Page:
9. I do corn on the cob for 30 minutes at 60C/140F. This takes the raw taste away, but the kernels are still fairly crisp. It comes out very sweet. I usually cut the kernels them off the cob and serve them separatly, but you could serve them on the cob also.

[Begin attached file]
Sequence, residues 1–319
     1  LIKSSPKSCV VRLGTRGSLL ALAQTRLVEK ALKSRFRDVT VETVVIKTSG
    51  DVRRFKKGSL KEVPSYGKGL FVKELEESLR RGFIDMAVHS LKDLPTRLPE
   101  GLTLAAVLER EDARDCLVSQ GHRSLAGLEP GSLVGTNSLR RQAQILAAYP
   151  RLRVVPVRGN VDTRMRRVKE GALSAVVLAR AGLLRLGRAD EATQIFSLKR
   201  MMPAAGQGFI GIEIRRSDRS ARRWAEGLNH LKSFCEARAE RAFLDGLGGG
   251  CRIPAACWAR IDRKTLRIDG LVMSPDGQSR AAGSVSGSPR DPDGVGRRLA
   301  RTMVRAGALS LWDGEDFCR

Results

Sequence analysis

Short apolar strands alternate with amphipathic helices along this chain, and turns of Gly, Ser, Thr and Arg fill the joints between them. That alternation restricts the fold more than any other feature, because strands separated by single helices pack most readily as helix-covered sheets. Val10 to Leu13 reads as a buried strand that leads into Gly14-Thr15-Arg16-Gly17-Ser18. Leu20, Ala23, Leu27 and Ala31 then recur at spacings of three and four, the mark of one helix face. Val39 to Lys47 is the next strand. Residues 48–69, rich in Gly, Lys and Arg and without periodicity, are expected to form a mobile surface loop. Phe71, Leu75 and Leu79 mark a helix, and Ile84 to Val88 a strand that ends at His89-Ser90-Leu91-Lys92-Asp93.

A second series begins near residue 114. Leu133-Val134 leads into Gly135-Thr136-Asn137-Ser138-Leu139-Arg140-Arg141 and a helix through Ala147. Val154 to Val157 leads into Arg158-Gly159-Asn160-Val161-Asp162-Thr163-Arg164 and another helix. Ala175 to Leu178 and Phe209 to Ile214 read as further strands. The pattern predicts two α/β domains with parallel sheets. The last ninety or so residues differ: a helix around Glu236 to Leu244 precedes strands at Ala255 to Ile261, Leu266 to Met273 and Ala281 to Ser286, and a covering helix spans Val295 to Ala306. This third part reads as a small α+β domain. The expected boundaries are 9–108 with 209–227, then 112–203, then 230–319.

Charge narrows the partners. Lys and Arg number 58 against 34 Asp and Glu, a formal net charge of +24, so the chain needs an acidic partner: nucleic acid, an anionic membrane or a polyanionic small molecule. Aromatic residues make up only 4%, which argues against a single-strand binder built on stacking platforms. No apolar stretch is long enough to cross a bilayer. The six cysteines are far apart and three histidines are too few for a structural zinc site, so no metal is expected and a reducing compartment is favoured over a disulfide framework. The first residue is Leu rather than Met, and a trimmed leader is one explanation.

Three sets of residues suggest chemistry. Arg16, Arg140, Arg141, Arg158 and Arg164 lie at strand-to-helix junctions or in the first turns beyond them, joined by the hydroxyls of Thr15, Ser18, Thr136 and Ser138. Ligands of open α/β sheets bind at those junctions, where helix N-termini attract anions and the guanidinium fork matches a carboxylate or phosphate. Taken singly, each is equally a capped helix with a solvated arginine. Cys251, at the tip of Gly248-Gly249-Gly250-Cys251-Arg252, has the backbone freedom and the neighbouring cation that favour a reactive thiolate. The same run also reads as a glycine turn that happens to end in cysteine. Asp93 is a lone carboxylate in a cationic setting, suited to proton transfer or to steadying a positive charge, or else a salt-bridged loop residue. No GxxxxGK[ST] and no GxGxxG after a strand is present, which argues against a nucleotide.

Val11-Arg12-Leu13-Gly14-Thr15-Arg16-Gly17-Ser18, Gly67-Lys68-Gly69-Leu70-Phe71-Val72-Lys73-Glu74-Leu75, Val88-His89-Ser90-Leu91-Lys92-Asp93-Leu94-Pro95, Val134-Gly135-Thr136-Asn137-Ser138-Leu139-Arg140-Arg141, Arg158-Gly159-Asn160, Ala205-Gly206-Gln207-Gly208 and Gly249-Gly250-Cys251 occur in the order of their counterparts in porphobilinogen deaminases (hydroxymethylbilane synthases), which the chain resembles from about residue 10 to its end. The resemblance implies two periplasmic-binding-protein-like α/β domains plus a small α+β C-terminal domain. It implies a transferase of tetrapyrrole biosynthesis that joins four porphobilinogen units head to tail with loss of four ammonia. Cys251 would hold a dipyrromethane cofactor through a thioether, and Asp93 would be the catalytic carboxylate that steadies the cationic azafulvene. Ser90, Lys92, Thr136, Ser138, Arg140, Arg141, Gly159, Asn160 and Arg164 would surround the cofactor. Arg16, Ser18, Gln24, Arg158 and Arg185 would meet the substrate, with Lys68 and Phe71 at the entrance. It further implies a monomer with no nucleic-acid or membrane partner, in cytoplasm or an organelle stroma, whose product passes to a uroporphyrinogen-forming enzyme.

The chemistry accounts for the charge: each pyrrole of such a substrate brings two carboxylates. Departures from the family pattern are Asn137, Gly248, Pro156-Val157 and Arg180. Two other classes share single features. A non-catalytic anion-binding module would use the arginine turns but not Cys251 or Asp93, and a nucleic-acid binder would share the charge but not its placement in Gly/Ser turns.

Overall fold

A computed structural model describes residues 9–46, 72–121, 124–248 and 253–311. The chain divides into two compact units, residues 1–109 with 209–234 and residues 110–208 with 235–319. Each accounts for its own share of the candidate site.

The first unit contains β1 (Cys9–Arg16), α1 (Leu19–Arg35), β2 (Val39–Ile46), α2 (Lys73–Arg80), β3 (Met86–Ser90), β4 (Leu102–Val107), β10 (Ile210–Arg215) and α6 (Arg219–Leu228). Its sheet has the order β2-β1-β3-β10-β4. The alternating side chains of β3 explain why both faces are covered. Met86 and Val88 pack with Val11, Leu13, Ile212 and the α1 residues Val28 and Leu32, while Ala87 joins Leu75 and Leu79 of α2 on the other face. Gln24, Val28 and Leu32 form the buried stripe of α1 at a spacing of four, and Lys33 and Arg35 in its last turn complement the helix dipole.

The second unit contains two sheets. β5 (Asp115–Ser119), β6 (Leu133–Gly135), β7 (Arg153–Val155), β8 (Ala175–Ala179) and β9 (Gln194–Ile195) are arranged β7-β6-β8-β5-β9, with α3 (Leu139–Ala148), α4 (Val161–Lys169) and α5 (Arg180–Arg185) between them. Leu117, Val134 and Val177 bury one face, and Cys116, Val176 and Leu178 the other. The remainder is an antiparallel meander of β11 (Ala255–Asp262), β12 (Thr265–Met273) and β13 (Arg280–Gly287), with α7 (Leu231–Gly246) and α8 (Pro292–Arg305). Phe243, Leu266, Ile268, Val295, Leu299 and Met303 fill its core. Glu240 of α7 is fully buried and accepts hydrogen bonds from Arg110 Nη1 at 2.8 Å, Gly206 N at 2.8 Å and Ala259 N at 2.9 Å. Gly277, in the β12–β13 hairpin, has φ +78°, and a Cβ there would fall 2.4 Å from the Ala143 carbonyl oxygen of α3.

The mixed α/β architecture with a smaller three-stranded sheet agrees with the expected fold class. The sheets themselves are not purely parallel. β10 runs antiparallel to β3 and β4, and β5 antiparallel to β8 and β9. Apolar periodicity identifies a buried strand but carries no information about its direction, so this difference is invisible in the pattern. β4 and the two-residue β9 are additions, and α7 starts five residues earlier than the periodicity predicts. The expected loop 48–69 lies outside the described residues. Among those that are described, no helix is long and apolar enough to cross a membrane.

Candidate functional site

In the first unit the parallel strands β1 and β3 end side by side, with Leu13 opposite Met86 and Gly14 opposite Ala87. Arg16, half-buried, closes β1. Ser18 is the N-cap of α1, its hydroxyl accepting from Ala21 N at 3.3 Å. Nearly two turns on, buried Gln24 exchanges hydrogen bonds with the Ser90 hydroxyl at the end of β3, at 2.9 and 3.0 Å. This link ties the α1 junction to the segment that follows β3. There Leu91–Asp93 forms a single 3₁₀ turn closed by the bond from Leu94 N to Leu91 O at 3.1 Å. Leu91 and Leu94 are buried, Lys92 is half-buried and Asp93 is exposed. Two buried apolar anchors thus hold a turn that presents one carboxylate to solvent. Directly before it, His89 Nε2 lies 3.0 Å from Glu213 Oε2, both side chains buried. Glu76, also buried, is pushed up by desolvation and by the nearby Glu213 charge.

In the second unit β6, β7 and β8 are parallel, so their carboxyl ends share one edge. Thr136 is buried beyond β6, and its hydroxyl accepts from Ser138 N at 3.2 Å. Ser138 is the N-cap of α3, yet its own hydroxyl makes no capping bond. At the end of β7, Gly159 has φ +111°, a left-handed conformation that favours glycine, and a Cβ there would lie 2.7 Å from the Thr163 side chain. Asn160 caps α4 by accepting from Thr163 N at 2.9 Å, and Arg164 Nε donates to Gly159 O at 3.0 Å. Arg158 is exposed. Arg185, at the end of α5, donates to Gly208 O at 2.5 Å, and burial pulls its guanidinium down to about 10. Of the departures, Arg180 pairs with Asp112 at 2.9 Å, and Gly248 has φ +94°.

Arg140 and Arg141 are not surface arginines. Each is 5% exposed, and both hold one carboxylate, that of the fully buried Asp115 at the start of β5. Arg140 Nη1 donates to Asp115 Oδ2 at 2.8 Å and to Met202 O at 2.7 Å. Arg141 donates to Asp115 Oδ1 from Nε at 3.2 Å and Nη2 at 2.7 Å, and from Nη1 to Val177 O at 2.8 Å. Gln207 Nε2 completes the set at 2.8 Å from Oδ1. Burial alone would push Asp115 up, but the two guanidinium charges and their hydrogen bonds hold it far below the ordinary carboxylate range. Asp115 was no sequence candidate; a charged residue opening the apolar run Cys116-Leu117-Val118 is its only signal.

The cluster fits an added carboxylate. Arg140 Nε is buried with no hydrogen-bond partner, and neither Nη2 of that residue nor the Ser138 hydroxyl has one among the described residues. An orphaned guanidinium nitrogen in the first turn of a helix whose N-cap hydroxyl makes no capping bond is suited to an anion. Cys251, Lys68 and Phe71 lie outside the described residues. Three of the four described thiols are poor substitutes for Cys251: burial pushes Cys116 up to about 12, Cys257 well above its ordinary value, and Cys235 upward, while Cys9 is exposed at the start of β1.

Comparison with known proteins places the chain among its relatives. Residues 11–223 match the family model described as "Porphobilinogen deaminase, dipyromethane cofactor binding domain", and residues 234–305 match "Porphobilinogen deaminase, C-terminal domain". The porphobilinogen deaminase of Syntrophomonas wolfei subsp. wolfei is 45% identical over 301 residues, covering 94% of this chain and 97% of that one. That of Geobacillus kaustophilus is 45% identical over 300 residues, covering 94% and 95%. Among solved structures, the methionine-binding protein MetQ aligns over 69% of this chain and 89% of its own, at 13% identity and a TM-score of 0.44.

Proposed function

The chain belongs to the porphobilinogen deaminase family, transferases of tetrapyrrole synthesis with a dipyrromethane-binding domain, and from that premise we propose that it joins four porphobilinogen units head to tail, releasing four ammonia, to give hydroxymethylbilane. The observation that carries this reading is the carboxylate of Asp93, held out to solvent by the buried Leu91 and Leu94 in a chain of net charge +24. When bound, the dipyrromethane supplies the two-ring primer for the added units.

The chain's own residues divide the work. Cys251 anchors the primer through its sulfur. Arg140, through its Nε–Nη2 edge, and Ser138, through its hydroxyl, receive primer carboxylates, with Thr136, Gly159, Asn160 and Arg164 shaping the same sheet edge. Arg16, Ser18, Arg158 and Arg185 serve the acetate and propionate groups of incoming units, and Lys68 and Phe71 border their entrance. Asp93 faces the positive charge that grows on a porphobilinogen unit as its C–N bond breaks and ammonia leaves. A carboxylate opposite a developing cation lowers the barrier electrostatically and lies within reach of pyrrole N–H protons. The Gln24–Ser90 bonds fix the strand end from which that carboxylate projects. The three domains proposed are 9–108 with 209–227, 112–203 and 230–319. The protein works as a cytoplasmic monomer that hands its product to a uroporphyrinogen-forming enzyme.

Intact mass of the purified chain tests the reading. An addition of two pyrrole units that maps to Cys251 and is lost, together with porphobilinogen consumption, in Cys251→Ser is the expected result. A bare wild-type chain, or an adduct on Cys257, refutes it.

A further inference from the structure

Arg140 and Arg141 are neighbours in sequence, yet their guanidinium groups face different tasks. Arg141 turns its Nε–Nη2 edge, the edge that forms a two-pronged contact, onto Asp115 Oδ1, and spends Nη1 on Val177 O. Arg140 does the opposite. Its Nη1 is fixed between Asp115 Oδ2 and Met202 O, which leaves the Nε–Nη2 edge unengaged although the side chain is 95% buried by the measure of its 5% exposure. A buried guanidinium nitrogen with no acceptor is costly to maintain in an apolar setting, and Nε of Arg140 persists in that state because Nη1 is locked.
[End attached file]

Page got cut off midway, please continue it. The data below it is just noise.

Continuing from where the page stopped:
10. Any thoughts? There are several misconceptions in this text passage. Feel free to pass this along. Meat is mostly water! There was a classic Star Trek epiosode where an alien species refers to humans as "ugly bags of mostly water" and that pretty much sums up what any animal is (well, the ugly part can be debated). So no matter whether you inject or brine or just use meat as-is, there is plenty of water in the meat to evaporate. In the case of brisket it is about 71% water. The method of heating the meat does not matter, the same effect occurs for both radiative and convective heating. Now, as it so happens, radiant heating plays essentially no role in most barbeque, because radiant heating is only important when there is a high temperature source. Most barbeque is smoked with an air temperature (dry bulb) of 90C/194F to 110C/230F. At those tempertaures radiant heating is insignificant. Most barbeque rigs / smokers have the fire baffled so the meat does not directly recieve IR radiation from it. South American asado (from Chile or Argentina especially) does use radiant heat, but that is a very different method. However, even if there was radiant heating, it wouldn't matter. The point about wet bulb temperature is that evaporating water takes energy, so a wet surface that is evaporating will be cooler than a dry surface. It doesn't matter how you heat it, if the surface is wet, then it will be cooler than a dry surface if water can evaporate. When he says that wet bulb / dry bulb is about gas, I think there is some confusion. Wet bulb temperature is the temperature of a wet surface which is cooled by evaporation. It is a surface temperature. The air temperature is the dry bulb temperature. The reason that "gas" (i.e. air) is involved is that in order for the water to evaporate it must go into the air. If the air is already "full" of water (meaning that relative humidity is 100%) then evaporation can't occur. Anybody who sweats knows this - sweating is done to take advantage of evaporative cooling. The reason that we feel more uncomfortable in high humidity is that our sweating doesn't work as well. I am not sure that he understands that the temperature tests I did were not in a water bath. I took a vacuum sealed brisket and cooked it next to an uncovered brisket, but they were in the same oven. The sous vide bag simply stopped the evaporation. There is a TINY effect due to collagen, but it is so tiny that it does not show up unless you use a differential scanning calorimeter. If there was a large collagen effect, then we would see it in the temperature profile for the sealed brisket with no evaporation. But we don't. The test I did was in a convection oven, but a "free draft wood smoker" will not change anything. Water still evaporates! The existence of some smoke in the air won't stop water from evaporating. The smoke build up on the surface of the brisket may hinder evaporation slightly. The free draft part means that the smoker would, if anything, have a lower humidity than in the convection oven because the convection oven recirculates air to some degree while the smoker may, or may not depending on how open the dampers are. The amout of draft in the smoker, the way air circulates, how full the smoker is, the dry bulb temperature in the smoker, the relative humidity of the air outside the smoker will all make small differences. That is why different people report a "stall" of different temperatures and durations. The humidity outside the smoker has some effect, but only a small effect. The hotter air is, the more water it will hold. If you take air and heat it up to 90C/194F to 110C/230F, it will be very low relative humidity, no matter how moist the air outside is. Finally, he can find no reference supporting what I am saying here because, as far as I know, nobody has explained the BBQ "stall" this way before. It is a new explanation. I suspect that some food scientist somewhere may well have figured this out, but I am not aware of any. But that doesn't mean it is wrong - it just means it is new. The paper he quotes from Journal of Food Science supports ALL of what I am saying, by the way. It is a good early article on the topic of roasting meat. It confirms that there is substantial evaporative losses, and it confirms that the meat cooks with the surface at the wet bulb temperature.